Late afternoon Matthew fired up the oven as the sun set over the hills of Nana Glen.  I know, it sounds a little cliche, but it was really the perfect setting.  We turned on the fairy lights as we stood under the gazebo watching the thermometer steadily climb to 350oC.  Time for me to go inside and get the bases and toppings ready.  I had been down to Coffs Catering earlier in the day and bought our first 4 pizza trays.  2 big ones for the grown ups and 2 small ones for the girls.  We like to have everyone make their own as we all like different toppings, and I think it is important to involve the kids in preparing their own food.  They tend to eat better if they have ownership of the meal, and it teaches them about nutrition also.
I squished (my technical term) out all the bases on the tray, using my regular recipe for pizza dough and chopped all the ingredients to put on top then everyone came inside and made their pizzas.  The four of us marched outside in procession, all with our trays in our hands to the oven and one by one, passed them to Matthew who put them into the oven.  Within minutes it smelled wonderful!  I don’t know what it is, but there is definately something special about food cooked by wood rather than electricity or gas.  That wonderful earthy aroma and taste…mmmm…I’m starting to drool just recollecting!  Before we knew it, the peel was back in the oven and the pizzas were ready.  Nothing left to do but sit and eat.  We were so excited about tucking in, I forgot all about photos and just managed one quick snap of Matthew’s plate – sorry bout the lack of composition in the pic but we were dying to tuck in!  And the result?  Delicious!  So good in fact, we are going back for round two tonight.  For a bit of variety though, we are going to have Turkish Pide instead of Pizza.  Hey, why restrict ourselves!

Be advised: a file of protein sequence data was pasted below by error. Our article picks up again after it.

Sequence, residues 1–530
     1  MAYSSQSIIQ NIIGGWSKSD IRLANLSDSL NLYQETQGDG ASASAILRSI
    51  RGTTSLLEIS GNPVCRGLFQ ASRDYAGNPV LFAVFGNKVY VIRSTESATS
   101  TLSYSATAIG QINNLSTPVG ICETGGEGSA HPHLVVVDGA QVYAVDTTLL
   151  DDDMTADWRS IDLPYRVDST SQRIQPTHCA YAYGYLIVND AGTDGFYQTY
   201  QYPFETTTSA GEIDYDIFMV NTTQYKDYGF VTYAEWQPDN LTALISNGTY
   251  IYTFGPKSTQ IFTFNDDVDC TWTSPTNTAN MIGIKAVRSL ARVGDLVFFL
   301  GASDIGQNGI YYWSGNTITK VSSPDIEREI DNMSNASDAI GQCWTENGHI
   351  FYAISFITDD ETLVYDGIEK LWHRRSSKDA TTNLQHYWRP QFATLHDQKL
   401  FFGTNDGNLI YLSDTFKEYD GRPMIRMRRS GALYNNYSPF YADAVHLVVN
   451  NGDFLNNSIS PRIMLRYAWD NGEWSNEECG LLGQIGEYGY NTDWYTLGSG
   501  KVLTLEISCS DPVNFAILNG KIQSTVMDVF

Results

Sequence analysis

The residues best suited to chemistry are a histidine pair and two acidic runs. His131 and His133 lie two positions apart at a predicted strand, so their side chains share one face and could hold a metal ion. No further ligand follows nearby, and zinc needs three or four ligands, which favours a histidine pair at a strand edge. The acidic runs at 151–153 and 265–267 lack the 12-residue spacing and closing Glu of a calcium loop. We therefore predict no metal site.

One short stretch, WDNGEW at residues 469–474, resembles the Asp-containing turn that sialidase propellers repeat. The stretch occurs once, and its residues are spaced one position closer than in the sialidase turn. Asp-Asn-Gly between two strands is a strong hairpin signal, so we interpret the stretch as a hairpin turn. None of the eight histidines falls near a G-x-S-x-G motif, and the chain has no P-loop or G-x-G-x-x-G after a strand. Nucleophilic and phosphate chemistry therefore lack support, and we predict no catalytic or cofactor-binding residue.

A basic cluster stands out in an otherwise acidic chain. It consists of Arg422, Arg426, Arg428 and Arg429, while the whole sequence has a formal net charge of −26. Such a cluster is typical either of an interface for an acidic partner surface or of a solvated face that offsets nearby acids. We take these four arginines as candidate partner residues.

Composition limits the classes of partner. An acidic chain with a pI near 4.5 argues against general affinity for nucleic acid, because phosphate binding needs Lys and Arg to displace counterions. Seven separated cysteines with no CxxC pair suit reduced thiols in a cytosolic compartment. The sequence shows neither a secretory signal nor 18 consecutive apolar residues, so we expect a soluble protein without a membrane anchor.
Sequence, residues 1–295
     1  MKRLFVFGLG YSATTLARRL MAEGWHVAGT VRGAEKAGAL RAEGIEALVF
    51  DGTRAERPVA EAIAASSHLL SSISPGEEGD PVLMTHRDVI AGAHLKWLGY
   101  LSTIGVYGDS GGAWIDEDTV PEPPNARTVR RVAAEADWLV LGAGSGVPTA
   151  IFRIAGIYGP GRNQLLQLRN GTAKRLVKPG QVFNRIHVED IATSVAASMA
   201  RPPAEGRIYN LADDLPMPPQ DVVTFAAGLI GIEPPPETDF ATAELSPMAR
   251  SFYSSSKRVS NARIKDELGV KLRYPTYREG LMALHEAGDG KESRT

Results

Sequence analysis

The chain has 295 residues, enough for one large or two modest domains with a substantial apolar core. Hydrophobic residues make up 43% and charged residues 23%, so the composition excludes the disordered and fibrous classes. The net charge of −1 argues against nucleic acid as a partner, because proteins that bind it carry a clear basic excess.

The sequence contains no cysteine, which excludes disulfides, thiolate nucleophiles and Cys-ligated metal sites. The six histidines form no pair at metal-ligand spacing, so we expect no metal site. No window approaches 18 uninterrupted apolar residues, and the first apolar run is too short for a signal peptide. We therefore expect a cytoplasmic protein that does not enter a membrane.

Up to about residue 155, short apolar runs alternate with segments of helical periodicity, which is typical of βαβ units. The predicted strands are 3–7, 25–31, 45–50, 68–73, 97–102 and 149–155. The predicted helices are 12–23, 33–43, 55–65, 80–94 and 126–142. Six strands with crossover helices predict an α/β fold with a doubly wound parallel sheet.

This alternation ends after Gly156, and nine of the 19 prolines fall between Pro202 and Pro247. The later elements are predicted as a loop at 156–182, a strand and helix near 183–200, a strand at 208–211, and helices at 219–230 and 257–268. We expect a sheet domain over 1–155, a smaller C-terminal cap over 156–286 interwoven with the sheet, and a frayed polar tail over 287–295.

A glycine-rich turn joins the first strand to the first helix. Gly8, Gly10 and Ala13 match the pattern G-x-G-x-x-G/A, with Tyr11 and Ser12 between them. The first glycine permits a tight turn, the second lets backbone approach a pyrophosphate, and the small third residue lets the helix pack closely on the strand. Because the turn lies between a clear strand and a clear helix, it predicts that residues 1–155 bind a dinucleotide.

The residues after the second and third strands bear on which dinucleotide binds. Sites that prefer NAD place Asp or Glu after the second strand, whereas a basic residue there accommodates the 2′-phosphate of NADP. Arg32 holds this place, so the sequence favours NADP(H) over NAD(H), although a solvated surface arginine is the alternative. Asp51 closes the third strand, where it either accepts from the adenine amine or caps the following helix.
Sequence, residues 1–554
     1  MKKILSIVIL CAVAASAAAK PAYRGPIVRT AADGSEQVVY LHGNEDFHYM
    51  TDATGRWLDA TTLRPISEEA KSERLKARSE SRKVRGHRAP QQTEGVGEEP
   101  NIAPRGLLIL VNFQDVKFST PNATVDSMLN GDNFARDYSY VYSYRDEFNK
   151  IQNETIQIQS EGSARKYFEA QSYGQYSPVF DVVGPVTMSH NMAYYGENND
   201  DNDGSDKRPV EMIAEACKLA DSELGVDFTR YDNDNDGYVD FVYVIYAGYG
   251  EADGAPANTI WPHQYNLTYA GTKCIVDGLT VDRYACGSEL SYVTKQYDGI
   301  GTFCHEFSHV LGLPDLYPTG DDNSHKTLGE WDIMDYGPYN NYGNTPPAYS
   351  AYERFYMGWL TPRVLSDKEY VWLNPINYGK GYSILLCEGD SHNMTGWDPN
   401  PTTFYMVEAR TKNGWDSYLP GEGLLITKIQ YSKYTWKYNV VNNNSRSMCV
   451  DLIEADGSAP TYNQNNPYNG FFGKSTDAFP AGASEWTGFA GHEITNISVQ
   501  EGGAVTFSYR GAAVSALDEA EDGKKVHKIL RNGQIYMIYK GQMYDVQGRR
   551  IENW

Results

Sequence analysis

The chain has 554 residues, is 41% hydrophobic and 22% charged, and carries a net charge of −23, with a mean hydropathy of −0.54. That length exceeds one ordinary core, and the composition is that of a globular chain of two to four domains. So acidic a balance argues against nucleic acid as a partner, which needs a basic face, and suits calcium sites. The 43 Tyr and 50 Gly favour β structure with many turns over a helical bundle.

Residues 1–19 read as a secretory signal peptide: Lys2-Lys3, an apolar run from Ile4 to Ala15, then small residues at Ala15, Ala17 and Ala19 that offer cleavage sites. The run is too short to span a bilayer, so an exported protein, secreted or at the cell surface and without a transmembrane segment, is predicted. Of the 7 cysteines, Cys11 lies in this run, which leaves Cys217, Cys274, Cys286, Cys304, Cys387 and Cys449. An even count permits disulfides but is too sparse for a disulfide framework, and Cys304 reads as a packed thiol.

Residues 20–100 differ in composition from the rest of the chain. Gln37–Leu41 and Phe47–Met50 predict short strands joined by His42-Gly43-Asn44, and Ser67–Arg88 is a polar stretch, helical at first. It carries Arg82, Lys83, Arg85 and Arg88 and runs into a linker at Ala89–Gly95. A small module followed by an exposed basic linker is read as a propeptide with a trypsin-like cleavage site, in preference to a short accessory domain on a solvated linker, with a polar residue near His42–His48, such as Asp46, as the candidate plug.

Bring on dinner time!
 

First Fire in the Pizza Oven!! August 9, 2009

Woohoo!  It has finally happened, the last brick is in and the dome is complete!  Friday night DH lit the first small test fire inside the oven to see how it would go.  Went great – only a small fire, but reached 250oC easily.  We had friends come over for a feed and to watch (of course) and rang the neighbours over the road to come and check it out.  Lots of oohs and aahs and “how long til we get a pizza”.  We even turned on the fairy lights around the gazebo next to it for a bit of ambience.  Gorgeous!  He has done a fantastic job, especially for someone with no brick laying experience.  Our friend’s uncle even thought he was a brickie!!
August 7Last night we lit the second fire, a bit bigger this time and it went up to 340oC.  He is a clever  boy – even installing a probe thermometer through the wall during construction so we can keep an eye on the temperature.  He is now going to put 3 layers of render over the top with vermiculite in the second layer as extra insulation, and will tint the final layer an earthy reddish brown – think Uluru at sunset.  Once that is all finished, I get to have my turn with the decorating.  Originally I was going to do a mural…but, as we live in a little hamlet called Nana Glen, named after the 2 tailed lizard (a naturally occurring mutation of a very common lizard that the local Aboriginal tribe call Nana), I am going to attempt to make a large 3d sculpture of a August 7 (3)2 tailed lizard draped over the dome of the oven.  Come on, since when did I ever go for an easy, subdued option – it has to be over the top or not at all!!  (Kinda like my cakes lol).  Hopefully I’ll figure out how to do it as I go along as I have never attempted sculpture before except for a mammoth head out of foam rubber for a play in high school (and even then I had an art teacher helping!!)  I’ll be sure to take lots of photos and post them up as I go.  I am also thinking I might do a bit of a write up on DH and how he built the oven as we took lots of photos along the way, right from the laying of the slab and the kids imprinting their handprints!!  It even has wood stowage underneath!
So, Tuesday night is our very first

pizza night!  I am going to try out a new recipe for the dough to celebrate, and now I have to start thinking about what toppings – they have to be special as occasions don’t come much more special than this!  I am SOOOOOO excited!!